Function and Fusion of the Mandibular Symphysis in Primates

Stiffness or Strength?
  • Matthew J. Ravosa
  • William L. Hylander
Part of the Advances in Primatology book series (AIPR)


Over the past. 30 years a series of morphological and experimental analyses have attempted to address questions about the functional and evolutionary significance of mandibular symphyseal fusion or complete ossification of the joint between the two dentaries (Scapino, 1965, 1981; Hylander, 1975a, 1977, 1979a,b, 1984, 1985; Beecher, 1977, 1979, 1983; Hirschfeld et al., 1977; Dessein, 1985; Hylander et al., 1987; Greaves, 1988, 1993; Ravosa, 1991; M. J. Ravosa, unpublished data; Ravosa and Hylander, 1993; Hylander and Johnson, 1994; Ravosa and Simons, 1994). This work has increased our understanding of the functional morphology of the mammalian masticatory apparatus, in part by highlighting the interaction of jaw mechanics, diet and allometry on symphyseal form. Many of these studies have also influenced adaptive explanations for the evolution of anthropoid craniodental morphology and impact directly on hypotheses regarding phylogenetic affinities among certain Eocene and Oligocene primates (Hiiemae and Kay, 1972, 1973; Gingerich, 1977, 1979; Beecher, 1977, 1979; Cachel, 1979a,b; Hylander, 1979a,b; Szalay and Delson, 1979; Rosenberger, 1981, 1986; Rosenberger et al., 1985; Rasmussen, 1986, 1990; Greaves, 1988, 1993; Simons, 1989, 1990, 1992; Ravosa, 1991; M. J. Ravosa, unpublished data; Rasmussen and Simons, 1992; Ravosa and Hylander, 1993; Ravosa and Simons, 1994).


Bite Force Positive Allometry Anthropoid Primate Hard Object Mandibular Symphysis 
These keywords were added by machine and not by the authors. This process is experimental and the keywords may be updated as the learning algorithm improves.


Unable to display preview. Download preview PDF.

Unable to display preview. Download preview PDF.


  1. Beecher, R. M. 1977. Function and fusion at the mandibular symphysis. Am. J. Phys. Anthrojml. 47:325–336.CrossRefGoogle Scholar
  2. Beecher, R. M. 1979. Functional significance of the mandibular symphysis. J. Morphol. 159:117 – 130.PubMedCrossRefGoogle Scholar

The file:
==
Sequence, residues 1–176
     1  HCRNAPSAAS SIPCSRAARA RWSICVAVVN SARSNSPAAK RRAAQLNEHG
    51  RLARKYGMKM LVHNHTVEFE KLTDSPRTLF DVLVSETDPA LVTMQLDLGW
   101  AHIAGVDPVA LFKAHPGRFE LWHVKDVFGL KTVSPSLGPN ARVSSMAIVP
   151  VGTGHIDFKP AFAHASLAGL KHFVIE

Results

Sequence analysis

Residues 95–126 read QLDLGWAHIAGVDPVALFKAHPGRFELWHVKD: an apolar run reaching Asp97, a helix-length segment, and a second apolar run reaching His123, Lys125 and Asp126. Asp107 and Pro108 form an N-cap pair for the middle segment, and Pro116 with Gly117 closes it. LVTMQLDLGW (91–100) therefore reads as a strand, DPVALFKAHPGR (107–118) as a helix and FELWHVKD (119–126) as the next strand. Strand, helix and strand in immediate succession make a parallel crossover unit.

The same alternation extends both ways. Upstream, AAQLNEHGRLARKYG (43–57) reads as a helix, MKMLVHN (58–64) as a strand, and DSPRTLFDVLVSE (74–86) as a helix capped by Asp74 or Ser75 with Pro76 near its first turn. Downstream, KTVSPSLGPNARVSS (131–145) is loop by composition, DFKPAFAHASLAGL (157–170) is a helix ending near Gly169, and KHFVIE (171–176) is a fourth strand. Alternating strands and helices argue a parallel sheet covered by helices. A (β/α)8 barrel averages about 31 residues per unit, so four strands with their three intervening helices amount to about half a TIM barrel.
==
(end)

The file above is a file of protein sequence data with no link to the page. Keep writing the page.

3. Beecher, R. M. 1983. Evolution of the mandibular symphysis in Notharctinae (Adapidae, Primates). Int. J. Primatoi. 4:99–112.CrossRefGoogle Scholar
  4. Bouvier, M. 1986a. A biomechanical analysis of mandibular scaling in Old World monkeys. Am. J. Phys. Anthropol. 69:473–482.CrossRefGoogle Scholar
  5. Bouvier, M. 1986b. Biomechanical scaling of mandibular dimensions in New World monkeys. Int. J. Primatoi. 7:551–567.CrossRefGoogle Scholar
  6. Bouvier, M., and Hylander, W. L. 1981. Effect of bone strain on cortical bone structure in macaques (Marara mulatto). J. Morphol. 167:1–12.PubMedCrossRefGoogle Scholar
  7. Cachel, S. M. 1979a. A functional analysis of the primate masticatory system and the origin of the anthropoid post-orbital septum. Am. J. Phys. Anthropol. 50:1–18.CrossRefGoogle Scholar
  8. Cachel, S. M. 1979b. A paleoecological model for the origin of higher primates. J. Human Evol. 8:351–359.CrossRefGoogle Scholar
  9. Crompton, A. W., and Hiiemae, K. M. 1970. Molar occlusion and mandibular movements during occlusion in the American opossum, Didelphis marsupialis L. Zool. J. Linn. Soc. 49:21–47.CrossRefGoogle Scholar
  10. Daegling, D.J. 1992. Mandibular morphology and diet in the genus Cebus. Int. J. Primatoi. 13:545–570.CrossRefGoogle Scholar
  11. Dessein, D. 1985. The transmission of muscle force across the unfused symphysis in mammalian carnivores. Fortsein: Zool. 30:289–291.Google Scholar
  12. Fleagle, J. C. 1988. Primate Adaptation und Evolution. Academic Press, New York.Google Scholar